As if it’s not hard enough not to overeat on Thanksgiving. Now that I’m privy to a top chef’s secrets on how to make the day’s food even more irresistible, I’m surely doomed. Lucky for me and my waistline, the holiday only comes once a year.
Whist Restaurant at the Viceroy hotel in Santa Monica was recently named by Food and Wine Magazine as one of the country’s best hotel restaurants. Chef Warren Schwartz (a veteran of Patina and Saddle Peak Lodge) gives quarterly cooking classes which include tips on preparation, cooking and presentation. Students have the opportunity for hands-on participation and sampling along the way. If you’re not into hands-on, there is also the option to sit back, drink wine and observe the action. Heckling the chef is highly encouraged (by the chef himself).
The menu for the November 14th class included:
• A salad of baby greens, pears, blue cheese, pecans and apple cider vinaigrette
• Mashed garnet yams with maple syrup
• Blue Lake green beans with apple wood smokes bacon and shallots
• Whole grain and sage stuffing
• Herb roasted free-range turkey breast and leg roulade
• Cranberry and orange compote
• Pumpkin pie
The class was held in the Bristol room at the Viceroy, complete with elegant table settings and plenty of staff on hand should the wine in your glass begin to wane. Schwartz started with some practical advice for preparation, telling us that whatever dish lasts the longest should be prepared first. The cranberry compote for instance could be made several days in advance, as none of the ingredients tend to go bad quickly. He said you would want to save the salad for last but the pears could be done the day before. This kind of planning can save a lot of stress when preparing a big meal.
The first thing Schwartz did was to start boiling the yams. I learned that it’s best to place the peeled yams in cold water and then begin heating. This way the yams cook more evenly. He cautioned us against overcooking and said that when they’re done you can dry them out in the over for about two minutes at 350 degrees to get the excess moisture out.
Then we started on the cranberry sauce. He simmered 2/3 of the called-for cranberries in orange juice, sugar and vanilla bean, saving 1/3 of the cranberries to add at the end to give it an extra kick. Someone asked about using a sugar substitute and he said it was possible to use Splenda but you would then have to add a thickener such as pectin. We tasted the simmering sauce and it was so good we all agreed it would work well as an ice cream topping.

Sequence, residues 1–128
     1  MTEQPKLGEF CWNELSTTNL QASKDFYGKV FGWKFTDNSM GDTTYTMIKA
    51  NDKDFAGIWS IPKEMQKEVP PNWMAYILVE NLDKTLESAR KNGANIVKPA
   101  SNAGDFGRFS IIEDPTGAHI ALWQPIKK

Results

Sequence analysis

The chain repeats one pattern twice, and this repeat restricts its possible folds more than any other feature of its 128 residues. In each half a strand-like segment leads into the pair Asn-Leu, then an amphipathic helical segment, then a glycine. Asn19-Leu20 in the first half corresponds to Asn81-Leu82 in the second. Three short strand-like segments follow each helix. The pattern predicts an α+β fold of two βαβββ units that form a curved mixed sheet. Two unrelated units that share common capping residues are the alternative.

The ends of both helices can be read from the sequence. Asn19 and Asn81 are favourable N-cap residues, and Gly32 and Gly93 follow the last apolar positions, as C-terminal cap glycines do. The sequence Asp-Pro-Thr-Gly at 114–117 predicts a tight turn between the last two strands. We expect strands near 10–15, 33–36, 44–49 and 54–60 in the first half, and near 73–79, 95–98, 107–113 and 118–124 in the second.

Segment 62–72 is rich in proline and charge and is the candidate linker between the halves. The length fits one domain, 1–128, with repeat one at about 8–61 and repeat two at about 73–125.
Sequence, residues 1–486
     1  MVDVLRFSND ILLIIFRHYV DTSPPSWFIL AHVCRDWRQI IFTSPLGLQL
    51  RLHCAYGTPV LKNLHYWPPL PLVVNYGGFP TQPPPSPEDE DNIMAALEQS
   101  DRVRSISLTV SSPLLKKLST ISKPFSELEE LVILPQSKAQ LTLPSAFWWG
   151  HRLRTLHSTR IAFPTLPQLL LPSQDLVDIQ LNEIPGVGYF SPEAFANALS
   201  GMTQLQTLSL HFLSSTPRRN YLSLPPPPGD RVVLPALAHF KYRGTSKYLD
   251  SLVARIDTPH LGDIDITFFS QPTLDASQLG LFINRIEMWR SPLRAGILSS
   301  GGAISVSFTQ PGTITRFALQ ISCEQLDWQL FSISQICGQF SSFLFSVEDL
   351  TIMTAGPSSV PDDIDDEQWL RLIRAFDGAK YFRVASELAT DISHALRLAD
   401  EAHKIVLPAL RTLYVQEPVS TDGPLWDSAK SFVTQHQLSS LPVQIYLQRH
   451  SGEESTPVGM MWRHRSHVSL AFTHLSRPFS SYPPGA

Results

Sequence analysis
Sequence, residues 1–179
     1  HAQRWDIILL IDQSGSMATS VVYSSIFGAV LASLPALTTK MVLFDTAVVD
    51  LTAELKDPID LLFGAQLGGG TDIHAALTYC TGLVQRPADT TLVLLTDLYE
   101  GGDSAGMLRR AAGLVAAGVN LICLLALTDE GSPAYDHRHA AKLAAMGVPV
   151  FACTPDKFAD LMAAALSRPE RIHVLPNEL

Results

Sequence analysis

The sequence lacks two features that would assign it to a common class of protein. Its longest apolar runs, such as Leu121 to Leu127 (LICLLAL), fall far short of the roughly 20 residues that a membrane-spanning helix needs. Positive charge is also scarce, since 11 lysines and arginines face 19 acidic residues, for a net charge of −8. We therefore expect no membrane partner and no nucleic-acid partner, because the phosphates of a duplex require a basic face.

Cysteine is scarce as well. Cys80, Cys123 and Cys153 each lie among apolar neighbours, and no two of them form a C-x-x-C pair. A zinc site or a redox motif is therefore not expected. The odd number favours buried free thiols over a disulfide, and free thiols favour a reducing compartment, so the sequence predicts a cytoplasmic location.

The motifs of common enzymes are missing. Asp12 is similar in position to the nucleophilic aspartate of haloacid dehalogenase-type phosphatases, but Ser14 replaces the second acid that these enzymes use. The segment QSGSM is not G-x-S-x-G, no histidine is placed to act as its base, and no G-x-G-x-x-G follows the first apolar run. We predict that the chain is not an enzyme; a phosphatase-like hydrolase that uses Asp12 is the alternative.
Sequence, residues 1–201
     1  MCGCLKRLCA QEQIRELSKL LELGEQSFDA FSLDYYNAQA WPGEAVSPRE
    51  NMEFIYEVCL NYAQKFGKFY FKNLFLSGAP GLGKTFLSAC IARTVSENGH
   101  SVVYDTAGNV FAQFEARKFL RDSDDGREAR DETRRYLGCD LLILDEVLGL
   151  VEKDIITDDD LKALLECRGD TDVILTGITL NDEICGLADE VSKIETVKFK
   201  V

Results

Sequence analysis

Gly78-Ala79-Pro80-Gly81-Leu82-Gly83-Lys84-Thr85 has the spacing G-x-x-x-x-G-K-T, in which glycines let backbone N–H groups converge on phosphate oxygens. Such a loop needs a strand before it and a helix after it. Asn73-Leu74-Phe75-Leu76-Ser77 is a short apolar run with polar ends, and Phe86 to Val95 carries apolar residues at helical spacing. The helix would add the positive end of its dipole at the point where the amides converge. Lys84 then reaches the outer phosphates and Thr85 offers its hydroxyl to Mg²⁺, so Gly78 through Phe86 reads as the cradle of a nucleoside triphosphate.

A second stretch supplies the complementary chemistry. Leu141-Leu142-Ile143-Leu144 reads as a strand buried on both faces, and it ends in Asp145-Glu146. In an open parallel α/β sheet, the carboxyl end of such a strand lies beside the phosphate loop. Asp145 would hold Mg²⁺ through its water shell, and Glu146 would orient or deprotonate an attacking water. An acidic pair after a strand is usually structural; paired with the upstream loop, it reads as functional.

Next we moved onto the stuffing. As bulbous garlic cloves simmered in butter he let us dip some bread in to taste. He chopped shallots, showing us how to position our fingers to facilitate speed and avoid the severing of digits. As we marveled at his speed and agility he asked, “Do you want to know the secret to cutting?” He diclosed that his first restaurant job involved the head chef belittling and berating him for 12 hours a day until his technique was flawless. “So abuse is the secret to cutting…” someone mused. With the smell of the stuffing our appetites went into overdrive.
Schwartz’s philosophy, that Thanksgiving is not about reinventing the wheel but conjuring up traditional food memories, was evident in the simple and straightforward recipes. The Mashed garnet yams, for instance, consisted of nothing more than butter, maple syrup, nutmeg and cinnamon, but were so delicious that they induced a warm contented feeling in all who ate them.
By the time we got to the turkey and the green beans I was several glasses of wine in and having too much fun chatting with the other students to play close attention to what was going on. There was some stuffing and some roasting. The green beans were blanched and sautéed with Nueske bacon. When it was all done we settled down and ate the products of our lesson. With my newfound turkey-day secrets, I found myself wishing that Thanksgiving came more than once a year.
Schwartz also offers a Valentine’s Day cooking class where guests learn how to the perfect romantic meal. The class will be held on Wednesday, January 30, 2008 from 6 – 8:30 pm. The cost is $55 per person. For more information contact firstname.lastname@example.org or email@example.com. Whist is located in the Viceroy Hotel at 1819 Ocean Ave. Santa Monica, CA.
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Written by Julie Restivo Murphy